The Ukrainian Parliament, Verkhovna Rada, adopted a law Thursday on Indigenous peoples at an extraordinary meeting.
The bill, initiated by Ukrainian President Volodymyr Zelenskyy, recognizes Crimean Tatars, Karaites and Krymchaks as "Indigenous peoples of Ukraine.”
The bill was accepted in the general assembly with the support of 325 out of 345 deputies who participated in the voting. Russians living in the country, on the other hand, will not be considered Indigenous people because they have a state outside the borders of Ukraine. The law guarantees the rights of Indigenous peoples against assimilation, deprivation of cultural values, eviction or forced relocation. It also guarantees their cultural, educational, linguistic and information rights.
As reported on Rada's website, bill No. 5506 defines the legal status of the Indigenous peoples of Ukraine and "establishes legal guarantees for full possession of all human rights and fundamental freedoms of persons belonging to the Indigenous peoples of Ukraine, established by the norms of international law, as well as provided for in the Constitution and laws of Ukraine."
“The Indigenous peoples of Ukraine have the right to self-determination in Ukraine, establish their political status within the framework of the Constitution and laws of Ukraine, freely pursue their economic, social and cultural development,” it says.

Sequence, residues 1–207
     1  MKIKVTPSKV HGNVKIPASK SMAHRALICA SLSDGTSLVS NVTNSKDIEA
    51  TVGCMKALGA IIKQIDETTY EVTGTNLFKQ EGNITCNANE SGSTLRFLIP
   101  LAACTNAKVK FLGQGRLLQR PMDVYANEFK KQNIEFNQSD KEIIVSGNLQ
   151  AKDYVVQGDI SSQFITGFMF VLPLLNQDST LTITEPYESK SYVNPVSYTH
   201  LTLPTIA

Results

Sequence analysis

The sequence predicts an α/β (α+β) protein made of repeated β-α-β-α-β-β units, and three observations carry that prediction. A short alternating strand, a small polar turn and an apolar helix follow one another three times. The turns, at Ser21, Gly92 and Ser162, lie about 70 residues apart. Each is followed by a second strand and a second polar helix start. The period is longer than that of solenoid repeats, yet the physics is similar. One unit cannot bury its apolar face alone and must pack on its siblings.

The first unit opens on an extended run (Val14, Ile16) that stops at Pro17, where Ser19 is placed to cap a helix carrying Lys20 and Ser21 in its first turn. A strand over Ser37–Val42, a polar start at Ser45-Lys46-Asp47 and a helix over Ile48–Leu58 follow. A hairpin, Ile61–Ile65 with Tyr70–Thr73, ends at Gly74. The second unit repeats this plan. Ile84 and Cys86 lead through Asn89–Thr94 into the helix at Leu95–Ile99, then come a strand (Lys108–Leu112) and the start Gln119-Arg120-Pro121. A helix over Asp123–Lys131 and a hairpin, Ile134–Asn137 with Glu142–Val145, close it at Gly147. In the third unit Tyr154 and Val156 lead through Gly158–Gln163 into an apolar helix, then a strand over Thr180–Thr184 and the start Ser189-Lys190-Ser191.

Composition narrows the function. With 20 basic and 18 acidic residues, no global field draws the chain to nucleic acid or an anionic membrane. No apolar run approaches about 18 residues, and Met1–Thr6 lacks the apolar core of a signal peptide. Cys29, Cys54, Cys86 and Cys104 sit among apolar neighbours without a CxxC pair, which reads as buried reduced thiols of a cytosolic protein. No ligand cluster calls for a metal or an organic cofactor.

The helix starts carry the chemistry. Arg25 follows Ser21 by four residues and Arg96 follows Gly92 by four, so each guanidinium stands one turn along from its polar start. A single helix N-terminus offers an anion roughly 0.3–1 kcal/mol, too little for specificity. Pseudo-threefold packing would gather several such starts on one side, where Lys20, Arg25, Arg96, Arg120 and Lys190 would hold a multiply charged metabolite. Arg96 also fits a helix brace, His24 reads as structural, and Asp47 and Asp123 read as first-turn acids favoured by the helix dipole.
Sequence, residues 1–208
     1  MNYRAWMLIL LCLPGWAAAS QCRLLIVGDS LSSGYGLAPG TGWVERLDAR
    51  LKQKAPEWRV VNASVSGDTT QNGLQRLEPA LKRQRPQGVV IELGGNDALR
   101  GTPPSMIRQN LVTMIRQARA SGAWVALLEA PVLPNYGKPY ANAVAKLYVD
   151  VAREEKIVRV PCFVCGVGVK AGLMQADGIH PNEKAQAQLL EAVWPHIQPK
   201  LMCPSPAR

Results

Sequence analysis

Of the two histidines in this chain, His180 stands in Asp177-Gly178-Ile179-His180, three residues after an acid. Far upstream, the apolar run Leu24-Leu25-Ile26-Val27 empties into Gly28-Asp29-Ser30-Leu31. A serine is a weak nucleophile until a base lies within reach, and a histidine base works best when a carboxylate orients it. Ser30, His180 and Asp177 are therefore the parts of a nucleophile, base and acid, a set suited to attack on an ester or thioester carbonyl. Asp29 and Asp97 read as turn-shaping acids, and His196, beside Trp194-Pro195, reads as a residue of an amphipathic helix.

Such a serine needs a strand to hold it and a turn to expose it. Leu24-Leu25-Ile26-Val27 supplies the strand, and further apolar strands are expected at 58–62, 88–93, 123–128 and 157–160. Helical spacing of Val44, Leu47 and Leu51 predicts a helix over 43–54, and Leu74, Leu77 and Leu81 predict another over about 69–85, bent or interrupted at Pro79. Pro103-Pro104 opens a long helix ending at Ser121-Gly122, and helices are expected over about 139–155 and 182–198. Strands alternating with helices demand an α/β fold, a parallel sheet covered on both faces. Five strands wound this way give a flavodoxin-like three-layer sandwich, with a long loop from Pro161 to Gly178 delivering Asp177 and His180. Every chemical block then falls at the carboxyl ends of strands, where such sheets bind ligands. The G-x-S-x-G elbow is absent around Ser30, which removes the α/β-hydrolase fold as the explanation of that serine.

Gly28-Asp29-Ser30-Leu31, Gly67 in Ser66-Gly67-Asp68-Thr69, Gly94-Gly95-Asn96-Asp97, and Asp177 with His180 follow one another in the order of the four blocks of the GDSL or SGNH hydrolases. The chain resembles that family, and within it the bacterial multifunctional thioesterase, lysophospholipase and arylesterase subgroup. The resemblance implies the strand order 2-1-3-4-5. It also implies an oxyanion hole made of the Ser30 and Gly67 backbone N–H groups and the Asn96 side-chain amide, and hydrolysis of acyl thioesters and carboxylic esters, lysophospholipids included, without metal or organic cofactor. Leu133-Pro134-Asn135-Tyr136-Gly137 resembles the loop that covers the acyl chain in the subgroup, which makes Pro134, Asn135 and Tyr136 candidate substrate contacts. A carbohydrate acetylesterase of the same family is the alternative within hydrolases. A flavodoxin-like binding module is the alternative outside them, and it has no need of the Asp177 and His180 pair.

Indigenous peoples of Ukraine will be able to establish their own educational institutions or cooperate with other educational institutions to teach their language, history and culture. They will also have the right to establish their own media outlets through their representative bodies.
Speaking to Anadolu Agency (AA), Ukrainian parliamentarian Rustem Umerov underlined that the law approved by parliament is an important and historical document for the country. Umerov said the Crimean Tatars have been waiting for this law for nearly 30 years.
"Ukraine’s constitution states that the rights of Indigenous peoples and national minorities are determined solely by Ukrainian law, but there was no specific law defining the rights of Indigenous peoples.”
Noting that the definition of "Indigenous people of Ukraine" was established by the law, Umerov said that "accordingly, it is determined that the Indigenous peoples of Ukraine are Crimean Tatars, Karaims and Krymchaks."
"The law guarantees the right of Indigenous peoples of Ukraine to sustainable development as well as to culture, education, language and knowledge,” he added. Umerov noted that the law also determines the legal status of representative bodies of the Indigenous peoples of Ukraine.
"Issues related to the international representation of the indigenous peoples of Ukraine were also identified. The adoption of this law is part of Ukraine's strategy for the de-occupation and reintegration of Crimea."
Umerov underlined that Zelenskyy's personal submission of the draft law on Indigenous peoples to parliament is a sign that the protection of the rights of the Crimean Tatars is among the top priorities of Ukrainian state policy.
Experts see the move as a success of Ukraine in the formation of civilized interethnic relations in the country, another step toward the elimination of the heavy Soviet legacy in relation to non-titular nations, which since the time of the Russian Empire and in the USSR were subjected to discrimination, illegal repression, universal deportations, forced Russification and assimilation. Zelenskyy said that he would like to sign a number of laws "important" for the Crimean Tatars and all Crimeans before the summer summit of the "Crimean Platform."
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